With its labyrinthine alleyways and plazas that magically unfold at the turn of a corner, Venice has captured the imagination of artists and romantics throughout the centuries. It is perhaps one of the most photographed, painted, and written about cities in the world — which makes pursuing an artistic project in Venice quite the tall order. But photographer Alejandro Merizalde has been working in Venice since 2008, visiting the city every winter and constantly looking for a creative excuse to go back.

Merizalde’s photo book 100 Churches of Venice and the Lagoon, published in November, is the product of such an effort, documenting the city’s many places of religious worship — most of them Catholic churches, but also two synagogues and one Anglican church. The book represents the vast architectural diversity of churches in Venice: some imposingly classical, with Corinthian columns topped by saintly sculptures; others sporting the rounded tops and arched windows of the Venetian Renaissance; and still others modest in their external similarity to armories or residential apartments. Many churches wear the “Eye of Providence” symbol at the top of their facades as well as rosettes, circles, and round windows. 

Santa Maria Gloriosa dei Frari, the largest church in the city

The Santa Maria Gloriosa dei Frari, the largest church in Venice, is one of three remaining Venetian Gothic churches in the city, displaying an entirely brick-built facade. Visible stains, evocative of coffee dribbling down the windows’ chins, were left behind on the walls after parts of the church were covered with a material known as frieze, which allowed water to filter and produced the patterns visible today. Just as splendid as the church’s exterior are the artistic treasures sheltered inside: two altarpieces by Titian, “Pesaro Madonna” (1519-1526) and “Assumption of the Virgin” (1516-1518).

The Church of San Marcuola is missing its maschera.

The Church of San Marcuola is one of the more minimalistic churches rendered in the collection of photographs, and its history reveals why. Along with two other churches included in the book — the Churches of San Lorenzo and San Pantalon — architects were commissioned to design maschere (Italian for “masks”), Istrian stone coverings that we can only assume would have been grandiose. But due to lack of funding, they were never properly outfitted. San Marcuola, too, is endowed with its own store of art, including statues by Gaetano Susali, paintings by Francesco Migliori, and a “Last Supper” (1547) by Tintoretto.

The Basilica di San Marco is recognizable even to those who have never visited Venice.

The book includes churches that may be familiar even to those who have never visited Venice. The iconic Basilica di San Marco, which represents a central meeting spot, was photographed at night by Merizalde. Il Redentore, designed by Andrea Palladio (known for his work across the Venetian Republic and his villas in Veneto) as an appreciative gesture to God for saving the city from an outbreak of the bubonic plague, appears as stately as ever, framed by calm waters and cloudy skies.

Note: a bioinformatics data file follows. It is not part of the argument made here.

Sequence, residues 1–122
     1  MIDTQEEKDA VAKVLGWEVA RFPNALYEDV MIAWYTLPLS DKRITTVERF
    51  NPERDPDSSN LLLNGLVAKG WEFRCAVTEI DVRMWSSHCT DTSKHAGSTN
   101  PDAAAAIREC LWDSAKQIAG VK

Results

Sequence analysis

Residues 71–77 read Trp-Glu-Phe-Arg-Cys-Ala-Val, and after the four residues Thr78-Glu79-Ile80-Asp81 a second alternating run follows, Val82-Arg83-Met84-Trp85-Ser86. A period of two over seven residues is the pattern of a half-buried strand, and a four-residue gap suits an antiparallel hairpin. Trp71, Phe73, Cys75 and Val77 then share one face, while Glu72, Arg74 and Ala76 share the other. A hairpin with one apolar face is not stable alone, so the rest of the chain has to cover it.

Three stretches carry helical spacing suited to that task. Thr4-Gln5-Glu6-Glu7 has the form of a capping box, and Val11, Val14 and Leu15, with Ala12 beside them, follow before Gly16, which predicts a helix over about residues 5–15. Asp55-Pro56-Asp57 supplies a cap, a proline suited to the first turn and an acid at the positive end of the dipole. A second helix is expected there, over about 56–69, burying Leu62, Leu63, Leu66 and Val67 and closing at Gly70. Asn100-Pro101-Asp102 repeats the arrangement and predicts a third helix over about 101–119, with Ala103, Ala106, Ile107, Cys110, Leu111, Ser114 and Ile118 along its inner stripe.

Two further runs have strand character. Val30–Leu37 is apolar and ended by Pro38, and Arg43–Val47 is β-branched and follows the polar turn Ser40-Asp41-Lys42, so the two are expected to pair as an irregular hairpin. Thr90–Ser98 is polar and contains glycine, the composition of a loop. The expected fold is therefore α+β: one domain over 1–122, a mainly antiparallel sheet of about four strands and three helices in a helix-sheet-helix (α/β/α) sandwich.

Most of the photographs, with a few exceptions, are taken head-on. “​​They’re photographed in this very technical way, with very straight lines and almost mathematically,” Merizalde told Hyperallergic, referencing the water towers of Bernd and Hilla Becher.

Photographs taken from a side view were captured from that angle because it was physically impossible to shoot them in their entirety otherwise; many of the canals and alleys are simply too narrow and unnavigable.

Another feature of the photographs that will strike any traveler as remarkable is their improbable lack of human presence — many of the sites, least of all Piazza San Marco at night, can easily be found without a soul in sight. A technical sleight of hand is at play here: Merizalde removed people from his photos through a process of long exposure.

Santa Maria della Neve is an unassuming church with a pink facade.

Merizalde’s favorite photo in the book is an unassuming one: that of a church on the island of San Francesco del Deserto, which houses a monastery with “five or six rather old Franciscan monks that live alone there.”

In the winter, when few visit the island, Merizalde had to coordinate with a fisherman to take him there. Upon being granted permission to photograph the church, he developed a friendship with one of the monks and learned that Saint Francis performed his famed “miracle of the birds” there. When Francis visited the island, he needed a quiet place to pray, but was assailed with the chirping sounds of birds. After asking the birds to quiet down, they remained silent for the duration of his prayer.

“Because of this connection, that particular church has to be the most significant [to me],” Merizalde said.

As for the density of churches in Venice, Merizalde was told that because the islands remained unconnected for a long time, each individual community required a worshiping space of its own.

“When they started building bridges and uniting them, they ended up having a church every two blocks,” he said. 

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Jasmine Liu

Jasmine Liu is a staff writer for Hyperallergic. Originally from the San Francisco Bay Area, she studied anthropology and mathematics at Stanford University. Find her on 

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